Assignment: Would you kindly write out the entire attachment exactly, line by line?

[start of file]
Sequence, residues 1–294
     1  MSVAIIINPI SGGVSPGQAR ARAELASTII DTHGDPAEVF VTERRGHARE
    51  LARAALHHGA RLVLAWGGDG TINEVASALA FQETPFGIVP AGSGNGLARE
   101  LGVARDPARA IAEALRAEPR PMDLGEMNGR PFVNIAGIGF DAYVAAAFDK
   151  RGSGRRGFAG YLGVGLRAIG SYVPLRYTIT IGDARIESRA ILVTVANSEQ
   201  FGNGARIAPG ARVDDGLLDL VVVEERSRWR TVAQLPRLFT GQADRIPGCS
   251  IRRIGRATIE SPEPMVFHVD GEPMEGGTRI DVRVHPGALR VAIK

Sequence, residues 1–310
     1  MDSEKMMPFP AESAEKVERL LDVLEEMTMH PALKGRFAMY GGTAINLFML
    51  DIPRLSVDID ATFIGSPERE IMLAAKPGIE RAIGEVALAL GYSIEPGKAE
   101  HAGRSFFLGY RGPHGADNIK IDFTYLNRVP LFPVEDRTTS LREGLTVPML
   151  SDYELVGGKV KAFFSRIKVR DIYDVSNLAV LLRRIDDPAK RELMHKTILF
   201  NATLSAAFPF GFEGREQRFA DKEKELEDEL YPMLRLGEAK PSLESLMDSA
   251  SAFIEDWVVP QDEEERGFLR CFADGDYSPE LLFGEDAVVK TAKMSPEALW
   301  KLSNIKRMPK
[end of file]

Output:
Sequence, residues 1–294
     1  MSVAIIINPI SGGVSPGQAR ARAELASTII DTHGDPAEVF VTERRGHARE
    51  LARAALHHGA RLVLAWGGDG TINEVASALA FQETPFGIVP AGSGNGLARE
   101  LGVARDPARA IAEALRAEPR PMDLGEMNGR PFVNIAGIGF DAYVAAAFDK
   151  RGSGRRGFAG YLGVGLRAIG SYVPLRYTIT IGDARIESRA ILVTVANSEQ
   201  FGNGARIAPG ARVDDGLLDL VVVEERSRWR TVAQLPRLFT GQADRIPGCS
   251  IRRIGRATIE SPEPMVFHVD GEPMEGGTRI DVRVHPGALR VAIK

Sequence, residues 1–310
     1  MDSEKMMPFP AESAEKVERL LDVLEEMTMH PALKGRFAMY GGTAINLFML
    51  DIPRLSVDID ATFIGSPERE IMLAAKPGIE RAIGEVALAL GYSIEPGKAE
   101  HAGRSFFLGY RGPHGADNIK IDFTYLNRVP LFPVEDRTTS LREGLTVPML
   151  SDYELVGGKV KAFFSRIKVR DIYDVSNLAV LLRRIDDPAK RELMHKTILF
   201  NATLSAAFPF GFEGREQRFA DKEKELEDEL YPMLRLGEAK PSLESLMDSA
   251  SAFIEDWVVP QDEEERGFLR CFADGDYSPE LLFGEDAVVK TAKMSPEALW
   301  KLSNIKRMPK